Seeking cyber safety: How companies are keeping hackers at bay | Crain's San Diego

Seeking cyber safety: How companies are keeping hackers at bay

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If it sometimes seems that the next big hack has either just happened or is about to, that’s because it’s generally the case. Indeed, cybersecurity ranks among four global risk factors highlighted by the World Economic Forum for 2018. In the United States, spending on cybersecurity by companies has more than doubled over the past eight years, to $66 billion. In 2017, the average cost of a breach in North America was $1.3 million for large enterprises and $117,000 for smaller operations, according to a report from Kaspersky Lab.

Here’s a sampling of the ways in which we’re seeing businesses and government entities around the country tackle this growing problem:

  • Large companies, particularly in the financial sector, are able to throw many resources into finding a solution:

The St. Louis region is home to Mastercard’s operations center, as well as omnipresent financial services firms including Edward Jones and Wells Fargo Advisors. Among that cadre is SixThirty, a global financial technology venture fund and business development program that recognized that the overlap between cybersecurity and financial technology presented an opportunity to create a business development program focused exclusively on cybersecurity startups.

Pervasive digitization has created myriad cybersecurity risks for finance teams everywhere, as Canada’s MacEwan University, in Edmonton, Alberta, recently discovered. But the digital age is also changing the three traditional roles involved in financial governance: chief financial officer (or vice-president finance), audit committee and audit partner.

  • Healthcare providers are in another industry keenly cognizant of the challenges it faces:

“Ten years ago, hospitals were probably the least aware of the risks in terms of IT of any organization out there. Now they’re some of the most [aware], maybe up there with the financial sector,” says Jarman Joerres, cybersecurity specialist and principal at Boston area–based MedAcuity Software.

It’s particularly important that the healthcare sector keep its patients’ records and other sensitive information unassailable; a patient’s medical history, captured in an electronic health record, could give a hacker access to credit-card information, which would be similar to a breach at a retailer. But electronic health records also could provide a buyer on the dark web with insurance information for fraudulent billing. That’s why electronic medical records bring top dollar on the black market. And it’s why health providers must be on alert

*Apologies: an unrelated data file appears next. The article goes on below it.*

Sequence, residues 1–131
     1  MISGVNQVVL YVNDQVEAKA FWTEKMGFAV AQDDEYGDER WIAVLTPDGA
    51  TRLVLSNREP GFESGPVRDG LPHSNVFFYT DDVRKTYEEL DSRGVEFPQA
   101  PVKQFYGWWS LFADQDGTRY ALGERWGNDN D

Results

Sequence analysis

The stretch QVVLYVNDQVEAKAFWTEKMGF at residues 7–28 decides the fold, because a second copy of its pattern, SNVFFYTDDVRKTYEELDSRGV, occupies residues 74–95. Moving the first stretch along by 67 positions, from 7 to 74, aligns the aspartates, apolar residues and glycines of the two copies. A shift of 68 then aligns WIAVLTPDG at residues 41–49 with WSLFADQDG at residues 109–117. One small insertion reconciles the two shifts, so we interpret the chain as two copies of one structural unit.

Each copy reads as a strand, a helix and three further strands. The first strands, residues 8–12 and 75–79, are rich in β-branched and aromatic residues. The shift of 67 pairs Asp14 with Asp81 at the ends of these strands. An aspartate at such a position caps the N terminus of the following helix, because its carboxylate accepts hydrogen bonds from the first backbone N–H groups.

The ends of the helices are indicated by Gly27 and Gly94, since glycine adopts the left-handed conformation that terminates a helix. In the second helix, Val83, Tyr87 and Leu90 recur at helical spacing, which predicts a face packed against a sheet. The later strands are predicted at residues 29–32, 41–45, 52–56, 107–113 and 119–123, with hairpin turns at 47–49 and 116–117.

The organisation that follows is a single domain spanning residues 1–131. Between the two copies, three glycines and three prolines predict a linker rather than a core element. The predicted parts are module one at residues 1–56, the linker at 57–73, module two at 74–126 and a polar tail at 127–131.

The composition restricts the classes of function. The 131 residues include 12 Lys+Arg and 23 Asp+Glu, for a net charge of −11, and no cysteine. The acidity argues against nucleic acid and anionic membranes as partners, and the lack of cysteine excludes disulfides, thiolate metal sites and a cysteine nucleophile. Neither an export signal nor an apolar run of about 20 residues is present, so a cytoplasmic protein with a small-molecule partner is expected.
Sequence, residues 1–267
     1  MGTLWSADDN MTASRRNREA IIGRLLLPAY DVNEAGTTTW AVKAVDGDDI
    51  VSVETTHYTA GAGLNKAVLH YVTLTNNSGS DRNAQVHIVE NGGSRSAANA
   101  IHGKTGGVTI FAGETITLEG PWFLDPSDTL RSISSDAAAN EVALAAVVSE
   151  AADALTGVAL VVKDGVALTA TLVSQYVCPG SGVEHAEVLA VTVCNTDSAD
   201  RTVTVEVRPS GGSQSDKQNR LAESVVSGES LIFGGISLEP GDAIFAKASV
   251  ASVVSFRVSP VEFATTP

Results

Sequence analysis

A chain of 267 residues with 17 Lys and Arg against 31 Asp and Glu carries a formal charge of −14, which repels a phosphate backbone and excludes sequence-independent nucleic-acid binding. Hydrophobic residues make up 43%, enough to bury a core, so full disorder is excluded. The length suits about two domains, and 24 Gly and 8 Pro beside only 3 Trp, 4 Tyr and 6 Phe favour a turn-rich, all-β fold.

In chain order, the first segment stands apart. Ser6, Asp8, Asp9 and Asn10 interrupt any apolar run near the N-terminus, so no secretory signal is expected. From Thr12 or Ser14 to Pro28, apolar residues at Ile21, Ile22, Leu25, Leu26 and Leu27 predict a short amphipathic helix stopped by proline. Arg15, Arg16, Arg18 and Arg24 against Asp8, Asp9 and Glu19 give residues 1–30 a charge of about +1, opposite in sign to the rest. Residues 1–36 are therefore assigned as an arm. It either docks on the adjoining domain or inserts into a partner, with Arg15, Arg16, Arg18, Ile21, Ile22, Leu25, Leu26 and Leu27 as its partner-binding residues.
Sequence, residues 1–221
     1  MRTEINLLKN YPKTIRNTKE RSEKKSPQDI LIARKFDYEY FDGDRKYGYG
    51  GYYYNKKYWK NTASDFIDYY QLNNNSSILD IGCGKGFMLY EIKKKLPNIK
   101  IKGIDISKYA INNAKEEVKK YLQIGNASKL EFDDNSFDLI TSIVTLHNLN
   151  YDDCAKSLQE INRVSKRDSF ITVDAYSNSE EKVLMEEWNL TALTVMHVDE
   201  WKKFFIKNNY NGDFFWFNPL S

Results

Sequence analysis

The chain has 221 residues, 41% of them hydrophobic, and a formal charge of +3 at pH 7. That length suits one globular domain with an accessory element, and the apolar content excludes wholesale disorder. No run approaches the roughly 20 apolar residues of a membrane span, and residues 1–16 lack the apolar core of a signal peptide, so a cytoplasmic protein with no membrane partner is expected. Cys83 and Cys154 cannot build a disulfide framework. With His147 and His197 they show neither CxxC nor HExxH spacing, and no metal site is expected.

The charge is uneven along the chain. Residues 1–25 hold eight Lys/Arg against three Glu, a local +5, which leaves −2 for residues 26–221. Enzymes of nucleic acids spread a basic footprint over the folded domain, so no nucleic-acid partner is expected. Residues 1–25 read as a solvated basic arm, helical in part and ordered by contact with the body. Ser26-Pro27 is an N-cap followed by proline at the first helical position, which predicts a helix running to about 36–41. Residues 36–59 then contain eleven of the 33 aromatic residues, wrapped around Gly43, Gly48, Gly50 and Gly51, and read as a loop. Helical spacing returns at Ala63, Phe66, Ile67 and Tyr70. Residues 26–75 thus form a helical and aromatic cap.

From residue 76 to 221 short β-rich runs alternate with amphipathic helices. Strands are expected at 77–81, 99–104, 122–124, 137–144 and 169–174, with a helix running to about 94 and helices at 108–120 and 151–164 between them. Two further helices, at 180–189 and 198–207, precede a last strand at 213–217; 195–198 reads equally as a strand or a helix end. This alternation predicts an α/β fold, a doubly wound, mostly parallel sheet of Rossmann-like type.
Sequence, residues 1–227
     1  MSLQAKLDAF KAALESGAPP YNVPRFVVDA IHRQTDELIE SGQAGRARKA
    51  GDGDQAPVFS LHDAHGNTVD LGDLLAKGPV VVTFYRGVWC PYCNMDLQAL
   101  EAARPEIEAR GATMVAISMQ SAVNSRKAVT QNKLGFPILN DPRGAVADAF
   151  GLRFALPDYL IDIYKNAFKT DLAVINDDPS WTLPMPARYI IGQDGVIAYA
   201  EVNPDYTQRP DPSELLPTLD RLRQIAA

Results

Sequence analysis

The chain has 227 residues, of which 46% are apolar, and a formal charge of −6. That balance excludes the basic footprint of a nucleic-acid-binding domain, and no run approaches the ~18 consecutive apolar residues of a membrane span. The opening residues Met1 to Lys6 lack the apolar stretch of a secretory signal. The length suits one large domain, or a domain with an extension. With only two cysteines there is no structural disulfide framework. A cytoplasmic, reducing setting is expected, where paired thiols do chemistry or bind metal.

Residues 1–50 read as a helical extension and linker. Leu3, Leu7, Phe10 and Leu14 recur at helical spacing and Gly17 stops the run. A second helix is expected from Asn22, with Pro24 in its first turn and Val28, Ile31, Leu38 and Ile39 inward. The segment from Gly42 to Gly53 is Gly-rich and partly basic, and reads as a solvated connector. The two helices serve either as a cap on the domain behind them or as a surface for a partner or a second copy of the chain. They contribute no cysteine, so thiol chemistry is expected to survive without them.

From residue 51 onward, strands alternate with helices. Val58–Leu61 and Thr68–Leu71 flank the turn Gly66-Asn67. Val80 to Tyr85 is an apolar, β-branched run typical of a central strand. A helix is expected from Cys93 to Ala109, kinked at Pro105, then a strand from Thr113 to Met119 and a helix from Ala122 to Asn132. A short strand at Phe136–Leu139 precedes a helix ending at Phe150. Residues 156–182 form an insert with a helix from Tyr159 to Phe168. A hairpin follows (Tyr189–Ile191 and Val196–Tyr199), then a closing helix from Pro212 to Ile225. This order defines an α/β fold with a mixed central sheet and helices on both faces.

• Cybercrime has also caused major problems in the public sector, which has resulted in some unique deterrents from those in the field:

The nationally recognized Utah Model for local police response to cybercrime was created out of necessity. After high-profile attacks in 2009 and 2012, Public Safety Commissioner Keith Squires determined his agency needed to enhance its cybercrime capabilities. The Utah Department of Public Safety began working with the FBI in its pilot Operation Wellspring program, which grants state and local authorities access to internet crimes data. Within a few years, the Utah Model was born.

  • It’s not just larger entities that have a pressing need of protection from hacking. A forest of startups has sprung up to help small and mid-sized companies — which don’t always have a dedicated IT person on staff, much less one who specializes in cybersecurity — shield themselves from cyberattacks.

Service providers such as Houston-based Alert Logic and Jungle Disk in San Antonio are new companies joining the fray to help these more vulnerable companies with their security needs.

“My biggest concern is the lack of awareness and [the] complacency we see among some small and medium-sized businesses,” says Neill Feather, president of Scottsdale-based SiteLock, which provides website security solutions for companies.

A few years ago, a Las Vegas couple who had worked in cyber investigations for the U.S. State Department and the United Nations decided to harness their years of experience and launch Axiom Cyber Solutions, serving small to mid-sized companies.

  • The rapid growth in the number of cybercrimes in recent years seems at times daunting to keep astride. For all the startups coming into the field — such as this one that helps stop digital ad fraud — there still are not yet enough experts to combat the problem. Although nearly 750,000 people are employed in cybersecurity positions in the United States, 286,000 openings currently exist, according to CyberSeek, a project supported by the National Initiative for Cybersecurity Education:

A cybersecurity expert at the Univ. of Washington estimates that there are two open jobs in the state for every person already employed in the field of data protection, a situation that is mirrored nationally.

That chronic shortage of qualified cybersecurity workers is similar in Colorado. Cybersecurity companies are popping up across the state, but in 2017, there were 18,308 employed workers in the state’s cybersecurity industry and 9,478 job openings, according to Cyberseek, a workforce and career resource jointly developed by CompTIA and Burning Glass Technologies.

As businesses move away from local systems and into the cloud, the shortage of cybersecurity talent could complicate that effort and is prompting cybersecurity companies to redouble their efforts to identify, recruit and retain qualified employees.

  • Hiring an outside firm to help keep hackers at bay is important, but businesses can do quite a bit internally, according to cybersecurity experts. “Employees can be a significant line of defense,” says one.

 

February 27, 2018 - 10:03pm